In 1978, Romeo Muller won a Peabody Award for his teleplay for The Hobbit. The film was also nominated for the Hugo Award for Best Dramatic Presentation, but lost to Star Wars. A few days before its first airing, John J. O'Connor wrote in The New York Times that "Rankin and Bass Productions have now carefully translated 'The Hobbit' into film. The result is curiously eclectic, but filled with nicely effective moments. […] The drawings frequently suggest strong resemblances to non-Tolkien characters… The goblins could have stepped out of a Maurice Sendak book. But […] the Dragon and Gollum the riddle aficionado bring some clever original touches… Whatever its flaws, this television version of 'The Hobbit' warrants attention."[4]

Critics primarily focused on adaptation issues, including the unfamiliar style of artwork used by the Japanese-American co-production team, whereas some Tolkien fans questioned the appropriateness of repackaging the material as a family film for a very young audience. Douglas A. Anderson, a Tolkien scholar, called the adaptation "execrable" in his own introduction to the Annotated Hobbit, although he did not elaborate;[5] and a few critics said it was confusing for those not already familiar with the plot.[6] On the other hand, critic Tom Keogh praised the adaptation as "excellent", saying the work received "big points" for being "faithful to Tolkien's story" and that the "vocal cast can't be improved upon."[7]

Review aggregate website Rotten Tomatoes, which compiles reviews from a wide range of critics, gives the film a score of 67%.[8]

Home video releases

The Hobbit was released by ABC Video Enterprises in the early 1980s on Betamax and VHS by Sony, and CED by RCA. Warner Home Video released the film on VHS in 1991, again in 1996 (as part of the Warner Bros. Classic Tales VHS line), and on DVD in 2001 (through Warner Bros. Family Entertainment). Parade Video released the film on DVD and VHS in 2004. The earlier 1980s and 1990s videocassette releases contain sound effects that were edited out of the 2001 DVD without explanation.[2]

The film was also released on DVD by Warner Bros. as part of the DVD trilogy boxed set, which includes Ralph Bakshi's The Lord of the Rings and the Rankin Bass production of The Return of the King. The Warner Bros. edition DVD is now out of print, though a remastered deluxe edition DVD was released on July 22, 2014. Sound effects missing in previous DVD releases are absent from this release as well.[11]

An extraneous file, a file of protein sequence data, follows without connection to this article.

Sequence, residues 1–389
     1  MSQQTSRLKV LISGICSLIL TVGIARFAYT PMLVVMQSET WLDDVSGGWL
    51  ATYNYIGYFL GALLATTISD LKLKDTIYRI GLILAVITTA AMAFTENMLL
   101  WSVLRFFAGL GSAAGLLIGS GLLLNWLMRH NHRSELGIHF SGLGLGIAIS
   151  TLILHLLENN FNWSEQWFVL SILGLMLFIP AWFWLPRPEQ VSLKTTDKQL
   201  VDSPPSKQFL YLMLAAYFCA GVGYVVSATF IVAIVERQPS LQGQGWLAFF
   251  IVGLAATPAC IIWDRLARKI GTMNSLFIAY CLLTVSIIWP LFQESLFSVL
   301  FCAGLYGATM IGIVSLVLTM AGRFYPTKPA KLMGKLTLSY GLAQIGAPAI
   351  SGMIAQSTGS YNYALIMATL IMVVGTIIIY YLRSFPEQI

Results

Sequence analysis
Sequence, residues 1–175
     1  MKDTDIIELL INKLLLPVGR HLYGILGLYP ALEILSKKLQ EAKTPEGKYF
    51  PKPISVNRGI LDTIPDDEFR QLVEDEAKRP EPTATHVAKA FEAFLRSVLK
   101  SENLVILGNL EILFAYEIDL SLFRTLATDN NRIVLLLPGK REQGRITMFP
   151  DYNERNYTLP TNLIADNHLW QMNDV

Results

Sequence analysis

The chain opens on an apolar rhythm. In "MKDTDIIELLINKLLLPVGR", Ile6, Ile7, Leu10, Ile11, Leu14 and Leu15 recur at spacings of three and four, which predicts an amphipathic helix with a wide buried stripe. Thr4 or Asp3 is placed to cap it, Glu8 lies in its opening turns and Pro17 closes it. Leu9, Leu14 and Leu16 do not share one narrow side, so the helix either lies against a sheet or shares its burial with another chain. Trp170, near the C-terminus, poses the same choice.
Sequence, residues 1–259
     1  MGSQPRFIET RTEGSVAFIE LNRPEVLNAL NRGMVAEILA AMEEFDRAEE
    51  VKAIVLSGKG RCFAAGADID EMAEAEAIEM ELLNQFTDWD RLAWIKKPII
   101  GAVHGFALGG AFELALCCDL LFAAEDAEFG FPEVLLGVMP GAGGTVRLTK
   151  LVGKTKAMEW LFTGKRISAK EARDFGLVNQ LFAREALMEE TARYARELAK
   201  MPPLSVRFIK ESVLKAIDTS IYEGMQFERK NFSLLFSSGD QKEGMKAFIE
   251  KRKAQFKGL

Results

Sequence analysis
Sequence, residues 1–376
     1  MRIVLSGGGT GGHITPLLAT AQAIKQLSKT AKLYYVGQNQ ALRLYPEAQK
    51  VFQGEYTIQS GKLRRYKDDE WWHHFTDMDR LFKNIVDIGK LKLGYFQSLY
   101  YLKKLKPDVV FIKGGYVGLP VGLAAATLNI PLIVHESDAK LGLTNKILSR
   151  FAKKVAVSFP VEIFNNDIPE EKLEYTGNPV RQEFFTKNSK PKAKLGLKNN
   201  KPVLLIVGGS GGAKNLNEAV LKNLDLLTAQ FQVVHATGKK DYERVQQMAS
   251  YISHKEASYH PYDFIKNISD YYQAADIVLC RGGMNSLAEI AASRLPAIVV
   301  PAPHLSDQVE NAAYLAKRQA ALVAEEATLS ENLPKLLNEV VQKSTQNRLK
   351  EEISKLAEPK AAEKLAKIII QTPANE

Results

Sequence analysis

Before The Hobbit ever aired on NBC, Rankin/Bass and its partner animation houses were preparing a sequel.[2] Meanwhile, United Artists released J.R.R. Tolkien's The Lord of the Rings in 1978, an animated adaptation directed by Ralph Bakshi, originally intended as the first part in a two-part film.

Their own sequel having been cancelled after a disagreement with Bakshi, Rankin/Bass proceeded with their plans to produce their own television installment of The Lord of the Rings, bringing back most of the animation team and voice cast. Taking elements from the last volume of The Lord of the Rings which had not been used by Bakshi, they developed the musical The Return of the King. They were unable to provide continuity for the missing segments, developing instead a framing device in which both films begin and end with Bilbo's stay at Rivendell, connecting the later film directly to the better-received Hobbit.

See also


  1. ^ The film has a running time of 77 minutes; several Internet sites list the full 90 minute air time.[1]
  2. ^ E.g. goblets clanking and hammer-tinkering noises omitted, spider death screams, along with several lines of dialogue.[9][10]


  1. ^ "Rankin/Bass 'The Hobbit' Follow Up", The One Ring net (archive) 
  2. ^ a b c d e f g h i Culhan, John. Will the Video Version of Tolkien Be Hobbit Forming? The New York Times, Nov 27, 1977.
  3. ^ "Rankin / Bass Featuring Glenn Yarbrough – The Hobbit: Original Soundtrack Songs", Discogs. Retrieved on 9 August 2015.
  4. ^ O'Connor, John J (25 November 1977), """TV Weekend: "The Hobbit,  
  5. ^ Anderson. Douglas A. The Annotated Hobbit
  6. ^ Kask, TJ, "NBC's The Hobbit", Dragon Magazine, December 1977.
  7. ^ "The Hobbit", IMDb (reviews) 
  8. ^ "The Hobbit (1978)"Tomatometer for .  
  9. ^ "The Hobbit", Mimsy (review), Hoboes 
  10. ^ "The Hobbit DVD vs. the hi-fi Hobbit", YouTube (video), Google 
  11. ^ "Hobbit: Orson Bean, John Huston, Otto Preminger, Jules Bass, Jr. Arthur Rankin: Movies & TV". Retrieved 2014-05-16. 

External links

  • The Hobbit at the Internet Movie Database
  • The Hobbit at the Big Cartoon DataBase
  • "Hobbit", CED magic (screen captures)  from the CED edition. Also features links to galleries of screen captures from other Tolkien animated films.